alexa Zebra Mussel Byssus Discs Detaching from Biofilm Coated Substratum

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Zebra Mussel Byssus Discs Detaching from Biofilm Coated Substratum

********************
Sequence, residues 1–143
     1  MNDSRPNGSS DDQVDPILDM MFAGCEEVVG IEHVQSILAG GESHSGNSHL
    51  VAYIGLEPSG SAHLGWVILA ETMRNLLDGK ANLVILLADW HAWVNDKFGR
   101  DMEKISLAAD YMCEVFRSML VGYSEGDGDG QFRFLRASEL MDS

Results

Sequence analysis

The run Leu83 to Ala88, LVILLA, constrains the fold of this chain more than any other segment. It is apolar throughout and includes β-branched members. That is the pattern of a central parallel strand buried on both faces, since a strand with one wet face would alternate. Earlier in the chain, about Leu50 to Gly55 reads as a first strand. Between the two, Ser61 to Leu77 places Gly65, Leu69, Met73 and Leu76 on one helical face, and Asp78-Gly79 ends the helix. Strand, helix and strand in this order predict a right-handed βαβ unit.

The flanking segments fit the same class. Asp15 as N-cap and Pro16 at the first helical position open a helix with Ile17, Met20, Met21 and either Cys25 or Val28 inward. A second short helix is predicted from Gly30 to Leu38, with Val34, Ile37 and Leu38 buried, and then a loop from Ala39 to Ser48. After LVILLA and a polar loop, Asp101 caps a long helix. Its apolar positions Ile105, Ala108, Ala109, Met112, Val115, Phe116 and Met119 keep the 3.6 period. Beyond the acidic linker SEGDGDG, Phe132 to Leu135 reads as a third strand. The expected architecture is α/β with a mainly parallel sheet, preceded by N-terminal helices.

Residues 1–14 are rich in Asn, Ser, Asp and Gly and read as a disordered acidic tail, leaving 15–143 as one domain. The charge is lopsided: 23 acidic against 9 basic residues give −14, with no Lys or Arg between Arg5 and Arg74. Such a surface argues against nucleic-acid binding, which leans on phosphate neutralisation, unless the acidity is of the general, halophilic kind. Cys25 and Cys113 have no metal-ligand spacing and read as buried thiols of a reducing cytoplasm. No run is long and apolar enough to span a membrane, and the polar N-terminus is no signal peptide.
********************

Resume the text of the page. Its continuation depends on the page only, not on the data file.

Zebra mussels (Dreissena polymorpha) are the most notorious of the invasive organisms introduced to the Great Lakes in recent years. They, like other surface-fouling mussels in many parts of the world, generally arrive at and attach with byssus discs and threads to substrata of power plants and water pipes that are already spontaneously fouled by the ubiquitous biofilms of proteins, bacteria, and often diatoms through which adhesion would seem to be prevented. The mystery of their attachment is resolved by these images, showing that the mussels attachment discs actually incorporate those biofilms into their extruded byssus disc adhesive substances, allowing nearly irreversible and strong attachment to the infrastructural substrata with a deterioration-resistant “glue” Generally, water-blast cleaning breaks the byssus threads to leave behind the attached “beards” from both the mussels feet and on the substratum partners. These Images are for a rare interfacial separation event, that we have learned to reproduce with safe low-surface-energy coatings.

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